Proceedings of the Standing Senate Committee on
Banking, Trade and Commerce
Issue 24 - Evidence - October 17, 2012
OTTAWA, Wednesday, October 17, 2012
The Standing Senate Committee on Banking, Trade and Commerce met this day
at 4:15 p.m. for the review of the Proceeds of Crime (Money Laundering)
and Terrorist Financing Act (S.C. 2000, c. 17), pursuant to section 72
of the said Act.
Senator Irving Gerstein (Chair) in the chair.
The Chair: This afternoon, we continue the five-year parliamentary
review of the Proceeds of Crime (Money Laundering) and Terrorist Financing
Act. This is our nineteenth meeting on the subject. In conducting this
review, the committee has heard from a number of the so-called regime
partners involved in the implementation and administration of this
legislation. Also, our committee has been hearing from those familiar with
and impacted by the regime, including industry groups and associations.
This afternoon, we are delighted to welcome Chris Chandler, President of
the Canadian Bank Machine Association, the CBMA. This association represents
the non-bank ATMs throughout Canada.
We have scheduled an hour for this portion of our meeting. Mr. Chandler
will make an opening statement, which will be followed by questions. At the
end of the hour, there will be an in camera meeting to discuss future
With that, Mr. Chandler, the floor is yours.
Chris Chandler, President, Canadian Bank Machine Association:
Thank you for the invitation to appear before the committee. I am President
of the Canadian Bank Machine Association and also a director of the ATM
Industry Association. I will provide you today with an overview of our
business and the services that we provide to Canadians.
We also welcome the opportunity to offer our perspective on current money
laundering regulations, including the new regulations for non-bank ATMs that
were enacted after the 2008 FATF report.
The CBMA represents the four largest non-bank ATM or ABM service
providers in Canada. We have operations from coast to coast. We operate in
more than 1,500 rural and urban centres. We are in small towns and large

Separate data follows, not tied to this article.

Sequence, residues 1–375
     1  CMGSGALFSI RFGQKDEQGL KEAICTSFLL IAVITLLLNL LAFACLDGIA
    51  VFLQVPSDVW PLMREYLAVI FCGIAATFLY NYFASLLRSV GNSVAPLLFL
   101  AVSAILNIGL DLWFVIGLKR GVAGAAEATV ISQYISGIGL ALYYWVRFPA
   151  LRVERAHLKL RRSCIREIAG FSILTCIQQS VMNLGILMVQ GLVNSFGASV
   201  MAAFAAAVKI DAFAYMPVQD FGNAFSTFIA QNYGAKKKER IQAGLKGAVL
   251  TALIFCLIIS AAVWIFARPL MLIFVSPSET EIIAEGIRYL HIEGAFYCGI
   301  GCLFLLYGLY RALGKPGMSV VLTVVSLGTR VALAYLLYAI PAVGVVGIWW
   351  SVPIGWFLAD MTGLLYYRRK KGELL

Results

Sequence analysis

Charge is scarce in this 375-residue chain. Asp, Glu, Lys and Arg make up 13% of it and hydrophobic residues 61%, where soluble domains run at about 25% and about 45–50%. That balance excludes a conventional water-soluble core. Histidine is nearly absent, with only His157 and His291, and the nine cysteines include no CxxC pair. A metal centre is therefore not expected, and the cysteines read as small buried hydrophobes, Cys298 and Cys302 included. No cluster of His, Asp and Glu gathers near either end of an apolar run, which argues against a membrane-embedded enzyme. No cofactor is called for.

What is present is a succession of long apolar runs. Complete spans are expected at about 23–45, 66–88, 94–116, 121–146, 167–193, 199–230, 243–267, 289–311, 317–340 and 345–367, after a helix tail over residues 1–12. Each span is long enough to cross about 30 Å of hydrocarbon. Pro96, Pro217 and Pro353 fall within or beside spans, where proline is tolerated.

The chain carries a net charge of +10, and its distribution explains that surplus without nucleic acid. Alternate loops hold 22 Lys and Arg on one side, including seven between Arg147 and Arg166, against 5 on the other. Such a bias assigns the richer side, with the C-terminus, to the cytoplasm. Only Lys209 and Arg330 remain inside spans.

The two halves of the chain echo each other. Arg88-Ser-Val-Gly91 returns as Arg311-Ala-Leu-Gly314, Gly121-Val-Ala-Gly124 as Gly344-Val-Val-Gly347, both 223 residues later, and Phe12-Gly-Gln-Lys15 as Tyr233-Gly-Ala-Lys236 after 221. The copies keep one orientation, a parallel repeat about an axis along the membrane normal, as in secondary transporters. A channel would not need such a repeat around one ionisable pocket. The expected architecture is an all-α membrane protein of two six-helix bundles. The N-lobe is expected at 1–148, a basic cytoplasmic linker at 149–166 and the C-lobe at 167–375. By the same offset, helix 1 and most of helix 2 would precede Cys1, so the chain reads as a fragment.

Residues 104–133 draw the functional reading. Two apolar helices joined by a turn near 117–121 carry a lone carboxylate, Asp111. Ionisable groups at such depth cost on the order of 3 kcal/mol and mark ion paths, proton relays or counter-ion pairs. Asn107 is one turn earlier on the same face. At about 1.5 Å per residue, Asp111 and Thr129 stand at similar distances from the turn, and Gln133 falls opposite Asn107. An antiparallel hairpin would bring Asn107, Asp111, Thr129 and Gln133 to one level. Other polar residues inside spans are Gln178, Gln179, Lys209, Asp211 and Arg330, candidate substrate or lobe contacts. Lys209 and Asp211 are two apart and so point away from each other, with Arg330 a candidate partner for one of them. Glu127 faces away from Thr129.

cities; we are in airports and in your local convenience stores. We provide
consumers with convenient, secure access to their currency, often in
locations where they have been underserved by their banks.
The ATMIA, to which I belong, is a global non-profit trade association,
with over 3,500 members in 60 countries. This organization promotes ATM best
practices and security. I sit on the ATMIA Canada Board of Directors, and I
am also a member of the ATMIA Global Board of Directors.
As of December 31, CBMA members operated approximately 15,000 ABMs, or 26
per cent of all ABMs in Canada. These ABMs conducted 33 per cent of all
Interac ABM cash withdrawal transactions during the year. There are
approximately 60,000 ABMs in Canada, two thirds of which are non-bank ABMs.
CBMA members are compliant with all applicable anti-money laundering
regulations in Canada.
Canadian ABM access is considered to be one of the most convenient,
efficient, safe and competitive in the world. With two thirds of the ABMs,
the non-bank ABM industry clearly contributes to this success. Canadian
citizens take advantage of the greater access to ABMs provided by the
non-bank ABM industry.
The Bank of Canada recently released a discussion paper, their 2009
Methods-of-Payment survey, where they stated that the most popular way for
Canadians to access cash is through ABMs. They further said that Canadians
take cash out of ABMs on average once a week.
For small businesses and merchants that have ABMs in their store or bar
or location, non-bank ABMs can provide for increased customer traffic in the
store, increased sales and an additional source of revenue through fees
charged for the ABM services. In addition to these cardholder benefits and
merchant benefits, transaction processors, independent sales organization,
service companies, paper providers, ABM manufacturers, armoured carriers and
telecommunications companies all benefit from the business activities of the
non-bank ABM sector.
For Canadian banks and debit card issuers, our ABM networks allow their
cardholders broad and convenient access to their accounts across the
country. Non-bank ABMs have extended the reach of the Interac system across
Canada in a highly competitive and cost-effective way.
The non-bank ABM industry continues to mature and evolve. Each CBMA
member is a financially strong business with professional management. The
Canadian payments landscape continues to undergo change with the emergence
of alternative payment technologies and new challenges with the emergence of
mobile payments. The government has begun consultations to add mobile
payments to the Code of Conduct for the Credit and Debit Card Industry.
However, throughout all of this change, cash continues to be a valuable and
important component of the payments system.
Canadian consumers can be confident that their use of non-bank ABMs is
safe and secure. ABMs follow stringent reporting methods and create,
generate and retain detailed records of the flow of funds from each and